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Proceedings Paper

A Technique To Aid In The Design Of Optimal Robots For Use In Space Applications
Author(s): Gerald Roston
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Paper Abstract

Most robots we are familiar with are general purpose robots, designed by their manufacturers to perform a wide variety of tasks in a number of operating conditions. In designing these robots, the manufacturers usually attempt to maximize parameters such as payload and velocity while minimizing manufacturing cost. For space applications, there are other design criteria which must be met. For instance, unlike ground based robotic systems, for which an "unlimited" amount of power is available; space based robotic systems have only a limited amount of available power. In addition, the use of robotics in space in the immediate future will be primarily for one-of-a kind applications, therefore designing an arm to minimize manufacturing cost is a low priority. To allow for the successful utilization of robots in space, new techniques are needed to meet these design criteria. In this paper, the author will present a method to give robot designers a starting point for designing "optimal" robots for space applications.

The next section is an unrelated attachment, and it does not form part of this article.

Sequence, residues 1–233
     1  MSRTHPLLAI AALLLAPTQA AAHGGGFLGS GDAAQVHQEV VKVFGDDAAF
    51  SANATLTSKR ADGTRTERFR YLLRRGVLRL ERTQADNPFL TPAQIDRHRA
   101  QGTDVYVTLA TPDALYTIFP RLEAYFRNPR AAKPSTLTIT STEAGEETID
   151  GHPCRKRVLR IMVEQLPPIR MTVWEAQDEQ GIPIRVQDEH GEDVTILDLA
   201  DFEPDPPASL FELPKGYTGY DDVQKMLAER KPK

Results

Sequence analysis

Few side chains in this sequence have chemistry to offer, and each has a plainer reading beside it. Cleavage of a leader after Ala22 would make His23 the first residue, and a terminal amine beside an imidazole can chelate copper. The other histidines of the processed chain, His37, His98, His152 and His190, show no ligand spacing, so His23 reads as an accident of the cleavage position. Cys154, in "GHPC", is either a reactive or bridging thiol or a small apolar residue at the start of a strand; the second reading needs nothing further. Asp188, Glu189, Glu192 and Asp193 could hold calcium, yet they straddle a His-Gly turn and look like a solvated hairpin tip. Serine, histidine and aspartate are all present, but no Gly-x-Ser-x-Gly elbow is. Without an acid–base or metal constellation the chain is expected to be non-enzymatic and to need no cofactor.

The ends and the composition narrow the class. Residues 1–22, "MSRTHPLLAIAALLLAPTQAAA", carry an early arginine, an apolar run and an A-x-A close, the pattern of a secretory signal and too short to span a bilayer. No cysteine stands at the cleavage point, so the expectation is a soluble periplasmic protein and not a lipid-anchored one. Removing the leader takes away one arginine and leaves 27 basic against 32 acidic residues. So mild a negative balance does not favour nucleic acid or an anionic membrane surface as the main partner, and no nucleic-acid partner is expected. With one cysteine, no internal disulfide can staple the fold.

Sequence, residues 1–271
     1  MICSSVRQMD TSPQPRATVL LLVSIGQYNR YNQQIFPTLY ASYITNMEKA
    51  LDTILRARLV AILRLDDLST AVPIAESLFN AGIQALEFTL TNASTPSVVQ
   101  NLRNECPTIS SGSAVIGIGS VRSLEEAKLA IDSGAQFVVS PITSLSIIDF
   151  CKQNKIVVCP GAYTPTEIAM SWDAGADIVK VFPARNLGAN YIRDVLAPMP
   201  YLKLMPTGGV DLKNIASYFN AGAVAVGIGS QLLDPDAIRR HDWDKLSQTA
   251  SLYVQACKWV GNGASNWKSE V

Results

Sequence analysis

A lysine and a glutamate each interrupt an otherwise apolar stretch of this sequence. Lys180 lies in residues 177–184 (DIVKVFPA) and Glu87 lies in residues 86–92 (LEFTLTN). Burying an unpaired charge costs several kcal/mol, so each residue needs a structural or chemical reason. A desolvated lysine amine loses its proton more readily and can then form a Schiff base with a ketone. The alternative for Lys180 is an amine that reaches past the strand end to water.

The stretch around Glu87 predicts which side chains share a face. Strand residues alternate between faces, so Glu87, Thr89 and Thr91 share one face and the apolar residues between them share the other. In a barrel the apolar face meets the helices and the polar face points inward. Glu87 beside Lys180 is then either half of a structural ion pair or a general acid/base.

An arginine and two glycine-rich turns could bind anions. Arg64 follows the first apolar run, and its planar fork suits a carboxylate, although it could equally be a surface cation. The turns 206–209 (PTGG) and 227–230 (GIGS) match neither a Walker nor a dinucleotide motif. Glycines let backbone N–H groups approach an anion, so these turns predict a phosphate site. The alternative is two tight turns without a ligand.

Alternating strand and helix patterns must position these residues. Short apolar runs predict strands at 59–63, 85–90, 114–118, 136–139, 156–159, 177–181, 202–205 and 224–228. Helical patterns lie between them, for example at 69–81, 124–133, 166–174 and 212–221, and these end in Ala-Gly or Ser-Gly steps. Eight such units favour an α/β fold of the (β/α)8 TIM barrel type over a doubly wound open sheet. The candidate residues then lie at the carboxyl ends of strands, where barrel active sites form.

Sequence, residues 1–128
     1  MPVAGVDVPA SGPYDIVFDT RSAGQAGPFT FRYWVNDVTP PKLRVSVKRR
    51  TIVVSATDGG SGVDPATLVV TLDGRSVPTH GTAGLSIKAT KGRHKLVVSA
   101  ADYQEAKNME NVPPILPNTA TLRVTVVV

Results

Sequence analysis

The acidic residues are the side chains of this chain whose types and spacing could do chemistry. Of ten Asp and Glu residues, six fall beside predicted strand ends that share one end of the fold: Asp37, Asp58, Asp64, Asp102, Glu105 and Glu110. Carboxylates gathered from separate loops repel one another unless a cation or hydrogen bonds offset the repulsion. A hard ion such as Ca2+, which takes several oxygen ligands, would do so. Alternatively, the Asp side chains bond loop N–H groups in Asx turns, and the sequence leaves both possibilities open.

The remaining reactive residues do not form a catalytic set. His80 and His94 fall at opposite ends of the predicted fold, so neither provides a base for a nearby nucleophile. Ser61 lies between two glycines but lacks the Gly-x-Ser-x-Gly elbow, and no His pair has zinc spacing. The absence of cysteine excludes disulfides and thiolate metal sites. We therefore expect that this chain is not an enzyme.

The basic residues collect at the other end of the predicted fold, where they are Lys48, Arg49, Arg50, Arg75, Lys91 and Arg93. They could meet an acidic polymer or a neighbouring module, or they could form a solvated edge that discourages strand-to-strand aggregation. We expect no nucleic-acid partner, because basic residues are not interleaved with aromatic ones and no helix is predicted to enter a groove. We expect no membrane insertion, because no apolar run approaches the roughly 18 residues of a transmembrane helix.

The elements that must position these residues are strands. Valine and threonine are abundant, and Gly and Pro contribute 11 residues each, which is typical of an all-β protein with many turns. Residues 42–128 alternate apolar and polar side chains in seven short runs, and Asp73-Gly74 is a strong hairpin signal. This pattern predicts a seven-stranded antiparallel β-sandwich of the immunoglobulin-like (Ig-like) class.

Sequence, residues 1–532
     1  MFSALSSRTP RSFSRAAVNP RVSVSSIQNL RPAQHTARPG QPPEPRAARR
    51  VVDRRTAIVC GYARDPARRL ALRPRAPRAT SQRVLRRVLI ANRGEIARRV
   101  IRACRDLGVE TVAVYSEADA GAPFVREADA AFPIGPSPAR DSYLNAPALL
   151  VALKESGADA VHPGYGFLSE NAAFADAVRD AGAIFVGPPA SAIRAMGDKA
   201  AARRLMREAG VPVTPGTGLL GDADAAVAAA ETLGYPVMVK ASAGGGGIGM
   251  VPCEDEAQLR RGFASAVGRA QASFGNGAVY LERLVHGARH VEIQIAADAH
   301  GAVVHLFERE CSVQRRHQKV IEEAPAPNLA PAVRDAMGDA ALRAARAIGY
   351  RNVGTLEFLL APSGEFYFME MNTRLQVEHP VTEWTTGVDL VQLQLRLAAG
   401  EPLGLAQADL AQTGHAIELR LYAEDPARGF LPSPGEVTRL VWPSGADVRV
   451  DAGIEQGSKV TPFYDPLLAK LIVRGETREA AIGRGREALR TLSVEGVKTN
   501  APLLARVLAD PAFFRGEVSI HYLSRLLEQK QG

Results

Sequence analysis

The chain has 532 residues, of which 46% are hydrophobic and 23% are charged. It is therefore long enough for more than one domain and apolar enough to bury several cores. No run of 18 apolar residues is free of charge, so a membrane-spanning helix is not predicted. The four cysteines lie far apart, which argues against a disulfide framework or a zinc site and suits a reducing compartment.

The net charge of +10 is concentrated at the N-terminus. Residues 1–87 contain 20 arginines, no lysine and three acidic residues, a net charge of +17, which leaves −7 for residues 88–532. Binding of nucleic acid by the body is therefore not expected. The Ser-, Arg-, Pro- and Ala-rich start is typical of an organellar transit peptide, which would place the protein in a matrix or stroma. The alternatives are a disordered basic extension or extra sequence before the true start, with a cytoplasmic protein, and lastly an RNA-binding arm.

Paper Details

Date Published: 20 February 1987
PDF: 4 pages
Proc. SPIE 0729, Space Station Automation II, (20 February 1987); doi: 10.1117/12.964870
Show Author Affiliations
Gerald Roston, Jet Propulsion Laboratory (United States)

Published in SPIE Proceedings Vol. 0729:
Space Station Automation II
Wun C. Chiou, Editor(s)

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